Martin Luther King

Happy Martin Luther King day, to the revolutionaries, and to all who have revolution in their heart if not in their feet or on our lips. Happy Election Day to all of us, and may us all vote with our hearts and not with our fears or even our logic.

Let us, the voters be so bold tomorrow as to remember that it is us, not the pollsters, who determine the outcome of our elections.

Godspeed to us all. Let freedom ring.

How Many Refugees Are There?

The government propaganda would have you believe that the refugee problem is this huge threat to our identity as a Jewish nation. The numbers don’t show that is the case at least not for now. I will devote at least one entire blog on “what will happen if we treat them well and they all come?” But that is not this entry. This is a short blog with just the current official government numbers.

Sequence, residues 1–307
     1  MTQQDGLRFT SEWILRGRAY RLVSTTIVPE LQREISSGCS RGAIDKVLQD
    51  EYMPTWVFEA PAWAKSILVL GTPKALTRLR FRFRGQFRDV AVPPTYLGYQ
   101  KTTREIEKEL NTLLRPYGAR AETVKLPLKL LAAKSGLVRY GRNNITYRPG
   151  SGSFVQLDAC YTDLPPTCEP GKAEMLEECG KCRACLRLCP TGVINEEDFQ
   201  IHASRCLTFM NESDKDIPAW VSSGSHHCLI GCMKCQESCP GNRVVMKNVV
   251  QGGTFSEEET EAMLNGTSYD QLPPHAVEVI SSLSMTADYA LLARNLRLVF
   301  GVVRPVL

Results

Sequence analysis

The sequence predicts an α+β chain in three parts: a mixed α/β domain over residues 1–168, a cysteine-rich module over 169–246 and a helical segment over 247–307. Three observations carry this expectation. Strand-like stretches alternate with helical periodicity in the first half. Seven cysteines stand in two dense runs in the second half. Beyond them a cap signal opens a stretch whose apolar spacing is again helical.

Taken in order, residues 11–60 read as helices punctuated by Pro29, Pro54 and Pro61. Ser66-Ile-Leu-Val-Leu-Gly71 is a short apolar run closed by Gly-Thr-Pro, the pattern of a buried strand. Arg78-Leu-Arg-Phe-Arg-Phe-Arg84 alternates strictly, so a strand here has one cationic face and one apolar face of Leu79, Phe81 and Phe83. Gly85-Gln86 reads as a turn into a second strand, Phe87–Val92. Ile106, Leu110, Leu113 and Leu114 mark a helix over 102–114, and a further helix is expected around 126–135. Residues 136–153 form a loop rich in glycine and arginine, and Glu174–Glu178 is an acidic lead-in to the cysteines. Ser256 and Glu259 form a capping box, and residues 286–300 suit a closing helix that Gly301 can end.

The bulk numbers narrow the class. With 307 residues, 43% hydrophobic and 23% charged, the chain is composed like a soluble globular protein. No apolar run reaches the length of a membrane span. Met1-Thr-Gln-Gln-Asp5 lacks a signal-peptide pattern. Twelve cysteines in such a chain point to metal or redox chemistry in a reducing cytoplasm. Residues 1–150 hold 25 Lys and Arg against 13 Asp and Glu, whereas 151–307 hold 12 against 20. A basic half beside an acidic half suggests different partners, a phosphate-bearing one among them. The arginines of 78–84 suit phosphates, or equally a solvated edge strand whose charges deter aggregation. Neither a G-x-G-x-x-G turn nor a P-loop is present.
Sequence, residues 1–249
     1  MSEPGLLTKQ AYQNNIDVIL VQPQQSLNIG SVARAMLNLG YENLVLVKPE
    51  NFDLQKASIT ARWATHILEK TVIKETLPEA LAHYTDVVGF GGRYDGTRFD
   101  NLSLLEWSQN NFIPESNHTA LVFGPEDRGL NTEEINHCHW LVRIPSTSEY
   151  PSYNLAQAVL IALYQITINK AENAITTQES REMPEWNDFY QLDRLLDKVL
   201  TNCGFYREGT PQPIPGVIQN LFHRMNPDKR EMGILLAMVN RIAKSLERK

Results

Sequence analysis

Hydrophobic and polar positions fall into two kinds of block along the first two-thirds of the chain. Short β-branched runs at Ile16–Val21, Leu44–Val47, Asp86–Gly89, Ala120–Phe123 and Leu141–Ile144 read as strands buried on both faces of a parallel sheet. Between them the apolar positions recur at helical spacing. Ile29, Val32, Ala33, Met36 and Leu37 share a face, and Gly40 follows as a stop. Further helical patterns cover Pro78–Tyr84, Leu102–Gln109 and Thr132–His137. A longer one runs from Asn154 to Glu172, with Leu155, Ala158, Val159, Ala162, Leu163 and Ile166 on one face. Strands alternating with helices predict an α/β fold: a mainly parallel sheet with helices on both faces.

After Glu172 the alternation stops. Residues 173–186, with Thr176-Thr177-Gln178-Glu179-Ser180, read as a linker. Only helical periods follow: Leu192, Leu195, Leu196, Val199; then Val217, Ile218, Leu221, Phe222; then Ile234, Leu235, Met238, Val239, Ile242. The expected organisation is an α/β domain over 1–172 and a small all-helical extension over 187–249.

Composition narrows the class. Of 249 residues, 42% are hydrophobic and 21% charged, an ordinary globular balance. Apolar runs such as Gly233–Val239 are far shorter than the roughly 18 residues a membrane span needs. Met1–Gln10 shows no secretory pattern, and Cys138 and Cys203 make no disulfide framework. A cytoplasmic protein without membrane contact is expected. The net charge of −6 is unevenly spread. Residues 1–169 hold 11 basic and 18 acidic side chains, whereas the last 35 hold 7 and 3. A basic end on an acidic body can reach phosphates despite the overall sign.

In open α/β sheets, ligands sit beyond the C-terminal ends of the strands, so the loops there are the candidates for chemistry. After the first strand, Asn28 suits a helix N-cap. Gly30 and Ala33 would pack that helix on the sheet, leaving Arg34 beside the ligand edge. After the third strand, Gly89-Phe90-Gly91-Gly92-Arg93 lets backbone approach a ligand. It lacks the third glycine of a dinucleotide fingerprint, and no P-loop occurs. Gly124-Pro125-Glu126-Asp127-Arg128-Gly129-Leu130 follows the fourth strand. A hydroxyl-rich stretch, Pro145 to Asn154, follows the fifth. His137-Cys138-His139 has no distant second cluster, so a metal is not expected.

• 57,000 is the approximate number of refugees currently in Israel. The majority are Eritrean (35,900), with approximately 15,000 Sudanese.
  • 75,000 is the number of legal migrant workers. This includes construction and agricultural workers, mostly from the Far East. The government mandates these workers and takes a hefty tax on each one who is brought here.
  • 95,000 is the number of people who just outstayed their visas. These are people who are not refugees, who have passports, and who came here looking for work. This is a bit of a mixed bag, but to my understanding, mostly people from Eastern Europe. This blog series won’t touch on the traffic in women, but obviously, this category covers that situation as well.

So there you have it. Looking at the numbers, it would appear that the refugees aren’t our biggest problem, and that there is something else behind the scare tactics to demonize them.